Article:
By Kieran Cooke – Climate News Network – March 31, 2017
Human mistreatment of the planet is ushering in another era and it is not going to be pleasant, according to Clive Hamilton’s latest book.
LONDON, 31 March, 2017 – Clive Hamilton’s book Defiant Earth – the fate of humans in the Anthropocene is not for the faint-hearted. Basically, its thesis is that the Earth – and us along with it – is going down the tubes.
Our rampant, irrational use of the planet and its resources, including our exploitation of climate-changing fossil fuels, means we are interfering and upsetting the functioning of the Earth system that sustains us.
“This bizarre situation, in which we have become potent enough to change the course of the Earth yet seem unable to regulate ourselves contradicts every modern belief about the kind of creature a human being is,” says Clive Hamilton, professor of public ethics at Charles Sturt University in Australia.
We – the post World War Two generations – have a lot to answer for. Yes, the trouble can be traced back to the 18th century when the Industrial Revolution began in Britain and factories started spewing carbon emissions into the atmosphere.
But the pace of change and the destruction of much of the Earth system has dramatically speeded up over the last 70 or so years – a period referred to as the Great Acceleration.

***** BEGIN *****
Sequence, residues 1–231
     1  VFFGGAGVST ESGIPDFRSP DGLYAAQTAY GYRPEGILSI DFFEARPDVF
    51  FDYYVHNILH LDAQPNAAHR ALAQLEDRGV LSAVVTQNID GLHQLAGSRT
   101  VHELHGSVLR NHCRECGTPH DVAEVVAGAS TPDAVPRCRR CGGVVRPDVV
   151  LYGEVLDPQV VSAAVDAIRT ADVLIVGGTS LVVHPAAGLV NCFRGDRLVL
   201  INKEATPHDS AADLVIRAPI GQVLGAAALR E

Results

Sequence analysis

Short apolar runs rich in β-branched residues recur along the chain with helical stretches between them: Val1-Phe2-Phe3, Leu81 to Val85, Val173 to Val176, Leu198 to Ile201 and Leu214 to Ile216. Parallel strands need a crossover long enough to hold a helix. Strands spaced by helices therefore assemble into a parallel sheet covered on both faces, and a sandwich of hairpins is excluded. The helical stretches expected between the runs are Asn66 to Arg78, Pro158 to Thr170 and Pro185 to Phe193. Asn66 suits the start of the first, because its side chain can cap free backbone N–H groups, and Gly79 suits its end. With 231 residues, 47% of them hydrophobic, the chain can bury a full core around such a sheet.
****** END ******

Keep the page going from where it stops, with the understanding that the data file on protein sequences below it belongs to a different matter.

A dizzying surge in global economic growth, along with resource exploitation, loss of diversity, including the extinction of numerous species and ever-increasing waste volumes, have brought about a profound transformation of the human relationship with the natural world, says Hamilton.
The Holocene period in the Earth’s history – the 10,000-year epoch of mild and constant climate that has permitted civilisation to flourish – is at an end.
“Experts are already suggesting that the changes caused by humans in recent decades are so profound and long-lasting that we have entered not a new epoch but a new era – the Anthropozoic era – on a par with the break in Earth history brought by the arrival of multicellular life,” Hamilton says.